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Question Two NICS, only want one used for WOL and the other for LAN/WAN access.

LikeLinus

Lifer
Jul 25, 2001
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I have a SuperMicro SC846 using a Mellanox Connectx-3 10GbE card for it's LAN/WAN connection. I decided I wanted to use WOL magic packets, but it appears the card doesn't support it. I saw a couple of post somewhere that said some of the OEM cards don't have that feature.

The motherboard has an on-board Intel 1GbE port that I keep disabled. It obviously support sWOL and I'd like to be able to use it in conjunction with my 10GbE card.

What is the best way to set up it up where the Intel ethernet doesn't interfere with the Mellanox card and only use it for WOL? Is it as simple as giving it a static IP, then maybe a 0.0.0.0 DNS, Gateway or something of that nature? I want to avoid causing any issues with the server where it may drop connections because it's trying to use one card vs the other.

This is for WFH and not mission critical, but something more a nice to have. Figured I'd ask to see if anyone has a quick answer. Thank you!!
 

mv2devnull

Golden Member
Apr 13, 2010
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How does WOL work? The NIC has standby power when machine is turned off and does listen for WOL packets, and powers up if it gets one?
That all happens when the OS is not running.

Surely you can configure the WFH to not use a NIC/port (even if it has link)? "Disable" connection?
 

LikeLinus

Lifer
Jul 25, 2001
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WFH = Work From Home. Yes, the computer is in sleep or hibernation and will boot up the computer when it receives a magic packet sent over the LAN from another computer to that NIC's MAC address. It's better than leaving it on 24/7.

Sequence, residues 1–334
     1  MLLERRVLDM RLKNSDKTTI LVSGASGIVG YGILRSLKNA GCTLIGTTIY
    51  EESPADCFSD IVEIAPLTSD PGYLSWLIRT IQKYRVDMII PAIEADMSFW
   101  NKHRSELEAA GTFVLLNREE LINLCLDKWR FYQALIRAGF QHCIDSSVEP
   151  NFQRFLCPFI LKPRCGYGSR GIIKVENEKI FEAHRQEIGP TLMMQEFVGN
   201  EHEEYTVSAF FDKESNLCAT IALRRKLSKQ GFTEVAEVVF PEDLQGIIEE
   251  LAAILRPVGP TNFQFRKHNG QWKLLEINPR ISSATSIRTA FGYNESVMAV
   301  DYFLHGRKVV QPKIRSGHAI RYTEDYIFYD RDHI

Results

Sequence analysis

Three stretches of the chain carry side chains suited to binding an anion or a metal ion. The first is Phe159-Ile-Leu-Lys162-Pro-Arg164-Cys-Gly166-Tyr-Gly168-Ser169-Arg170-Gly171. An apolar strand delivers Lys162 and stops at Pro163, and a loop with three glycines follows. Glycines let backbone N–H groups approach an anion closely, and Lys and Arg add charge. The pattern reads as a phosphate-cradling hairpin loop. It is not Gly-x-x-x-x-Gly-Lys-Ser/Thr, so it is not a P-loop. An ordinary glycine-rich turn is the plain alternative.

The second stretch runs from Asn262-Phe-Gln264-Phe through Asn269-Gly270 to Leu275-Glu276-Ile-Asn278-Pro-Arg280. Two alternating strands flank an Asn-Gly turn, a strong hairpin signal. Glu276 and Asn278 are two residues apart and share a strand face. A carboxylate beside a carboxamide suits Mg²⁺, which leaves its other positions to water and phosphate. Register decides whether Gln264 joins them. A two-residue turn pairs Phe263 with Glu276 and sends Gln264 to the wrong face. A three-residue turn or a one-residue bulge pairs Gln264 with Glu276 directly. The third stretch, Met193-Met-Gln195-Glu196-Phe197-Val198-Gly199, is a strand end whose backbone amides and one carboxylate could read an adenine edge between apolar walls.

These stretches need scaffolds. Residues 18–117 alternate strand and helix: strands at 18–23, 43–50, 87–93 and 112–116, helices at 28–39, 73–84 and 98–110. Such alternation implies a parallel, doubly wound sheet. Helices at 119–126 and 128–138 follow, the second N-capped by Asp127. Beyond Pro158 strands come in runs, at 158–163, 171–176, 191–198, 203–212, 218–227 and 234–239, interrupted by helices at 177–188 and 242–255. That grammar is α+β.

JackMDS

Elite Member
Super Moderator
Oct 25, 1999
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This basically needs configuration of Second LAN between the second NIC and what ever you want to use as the packet sender that need to be on the second LAN too.

If you have a regular Home LAN with one regular Router it a problem and more hardware that is capable to handle such situation has to be added.


:cool:
 

LikeLinus

Lifer
Jul 25, 2001
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This basically needs configuration of Second LAN between the second NIC and what ever you want to use as the packet sender that need to be on the second LAN too.

If you have a regular Home LAN with one regular Router it a problem and more hardware that is capable to handle such situation has to be added.

:cool:
My setup is as follows:

AT&T Fiber Modem > Dell R210 II (pFsense Firewall) > MikroTik CRS317-1G-16S+ (16 port 10GbE) > MikroTik CSS326-24G-2S+RM (24 port 1GbE, it is linked with the via 10GbE to the CRS317).

So the Intel NIC would be plugged into the CSS326 and the Mellanox is connected to the CRS317.

pFsense is running the DHCP server. What I'm trying to avoid is that the LAN computers connect to the 1GbE instead of the 10GbE. This is really most important for the items in my rack and PCs for video editing and such. Everything else in the house runs on 1GbE or Ubiquiti UniFi AP AC Pros throughout the house.